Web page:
There's just one phrase that truly captures the spirit of Montreal: multifaceted. This city reflects the convergence between the Ancient and Modern Worlds, with the buildings of the 18th century merging into the skyline of the 21st century. Old houses are now home to funky fusion bars, and the familiar tone of English is juxtaposed with the rolled "r"s of French. Rainbow flags fly among fabric emblems from India, Portugal and France, and traditional French pastry is sold alongside the notably sweet sesame seed, Montreal-style bagel. Only when you thought you'd seen it all, a fast elevator trip introduces you to another community located a few floors below ground level.
Old Montreal (Vieux-Montréal): While the site of the original city of Montreal; Vieux-Montréal is the centre of the history of the city. Given the growing urbanization of the area, not much has changed in this neighborhood. Horse-drawn carriages cross cobblestone streets and meander past popular places such as the Basilique Notre-Dame, the Hôtel de Ville (Town Hall), the Vieux-Port (Old Port) and the Marché Bonsecours (Bonsecours Market).
Montreal Botanical Garden: Owing to 10 large greenhouses – each customized to a particular theme – the 190-acre botanical gardens are home to more than 22,000 species of flora and give a scenic year-round respite from the middle of the metropolis. Take considerable time strolling around the tranquil bonsai trees in the Japanese Garden or learning about the concepts of yin and yang in the Chinese Garden, which exhibits Ming Dynasty designs from the 14th to the 17th century. The outside gardens include a colorful rose garden and a spectacular alpine garden.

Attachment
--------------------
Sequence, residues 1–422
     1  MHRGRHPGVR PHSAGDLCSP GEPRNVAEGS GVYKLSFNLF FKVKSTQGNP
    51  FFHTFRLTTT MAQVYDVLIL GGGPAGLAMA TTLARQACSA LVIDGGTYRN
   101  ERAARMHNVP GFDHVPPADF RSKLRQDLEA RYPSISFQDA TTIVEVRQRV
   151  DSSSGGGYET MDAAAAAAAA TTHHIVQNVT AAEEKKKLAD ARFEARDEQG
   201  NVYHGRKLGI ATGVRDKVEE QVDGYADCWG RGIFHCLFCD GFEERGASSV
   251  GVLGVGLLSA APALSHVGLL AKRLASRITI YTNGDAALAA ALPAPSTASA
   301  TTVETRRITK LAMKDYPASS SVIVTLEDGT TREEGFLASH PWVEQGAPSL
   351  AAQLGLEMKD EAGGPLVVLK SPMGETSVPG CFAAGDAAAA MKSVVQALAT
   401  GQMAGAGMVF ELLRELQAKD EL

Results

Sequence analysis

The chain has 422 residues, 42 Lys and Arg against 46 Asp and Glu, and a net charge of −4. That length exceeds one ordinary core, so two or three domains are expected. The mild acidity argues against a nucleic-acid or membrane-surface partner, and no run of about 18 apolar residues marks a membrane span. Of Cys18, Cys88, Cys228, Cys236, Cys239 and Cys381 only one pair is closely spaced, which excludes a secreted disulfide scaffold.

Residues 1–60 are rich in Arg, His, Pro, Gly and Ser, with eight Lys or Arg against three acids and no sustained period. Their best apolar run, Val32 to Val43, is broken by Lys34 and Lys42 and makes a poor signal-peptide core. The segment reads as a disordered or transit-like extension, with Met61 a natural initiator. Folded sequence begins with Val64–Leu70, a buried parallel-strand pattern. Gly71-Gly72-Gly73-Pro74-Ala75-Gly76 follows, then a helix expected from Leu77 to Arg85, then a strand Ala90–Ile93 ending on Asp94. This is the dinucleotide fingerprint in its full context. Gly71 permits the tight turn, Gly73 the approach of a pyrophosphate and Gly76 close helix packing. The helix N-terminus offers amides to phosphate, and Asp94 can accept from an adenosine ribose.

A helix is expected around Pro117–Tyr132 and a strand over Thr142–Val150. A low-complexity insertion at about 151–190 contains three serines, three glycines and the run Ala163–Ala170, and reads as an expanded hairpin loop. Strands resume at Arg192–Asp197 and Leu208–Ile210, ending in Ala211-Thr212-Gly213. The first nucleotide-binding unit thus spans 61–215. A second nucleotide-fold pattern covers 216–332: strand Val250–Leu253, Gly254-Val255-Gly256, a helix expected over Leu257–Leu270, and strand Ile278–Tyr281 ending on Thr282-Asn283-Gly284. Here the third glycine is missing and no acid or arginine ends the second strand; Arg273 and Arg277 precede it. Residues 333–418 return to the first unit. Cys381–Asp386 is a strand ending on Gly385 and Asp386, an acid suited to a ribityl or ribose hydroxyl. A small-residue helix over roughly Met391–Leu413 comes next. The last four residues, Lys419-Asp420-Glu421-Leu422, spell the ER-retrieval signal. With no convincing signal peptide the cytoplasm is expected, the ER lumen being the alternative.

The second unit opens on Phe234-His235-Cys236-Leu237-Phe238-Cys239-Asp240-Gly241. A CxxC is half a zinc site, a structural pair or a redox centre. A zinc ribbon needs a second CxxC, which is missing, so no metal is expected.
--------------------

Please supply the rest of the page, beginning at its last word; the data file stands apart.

Montreal Museum of Fine Arts: Montreal's most prominent museum has been developing its fine arts collection for more than 150 years. Celebrate an remarkable collection of Canadian and foreign paintings, including paintings by famous artists such as Rembrandt, El Greco, Renoir, Cézanne and Fareotrips. Other notable museum collections include 18th-century English porcelain, World War I objects and a variety of exquisite pieces of furniture crafted by Frank Gehry.
Jean-Talon Market: In a world populated by over-refrigerated, fluorescently lit stores, the Jean-Talon Market is practically a breath of fresh air and one of the biggest public markets in North America. Located a block or two away from Boulevard Saint-Laurent (accessible from the Jean-Talon metro station of the Blue Line), this open-air market is full of aromas of grilled sausages, Quebec cheeses, new vegetables, home-grown spices and hand-made chocolates.
The great season to visit Montreal is from March to May and from September to November, when the weather is milder and hotel vacancies run smoothly. But apart from the fluctuating prices, you're going to figure out that there's almost no wrong time for a holiday here. Hot summer temperatures make exploring on foot even more fun, while the heated tunnels of the Underground City offer shelter during the winter. If you're drawn to a temperate summer, make sure to book in advance: Montreal hosts a variety of famous festivals season.
Area: 431.5 km²
Population: 17.8 lakhs (2017) United Nations
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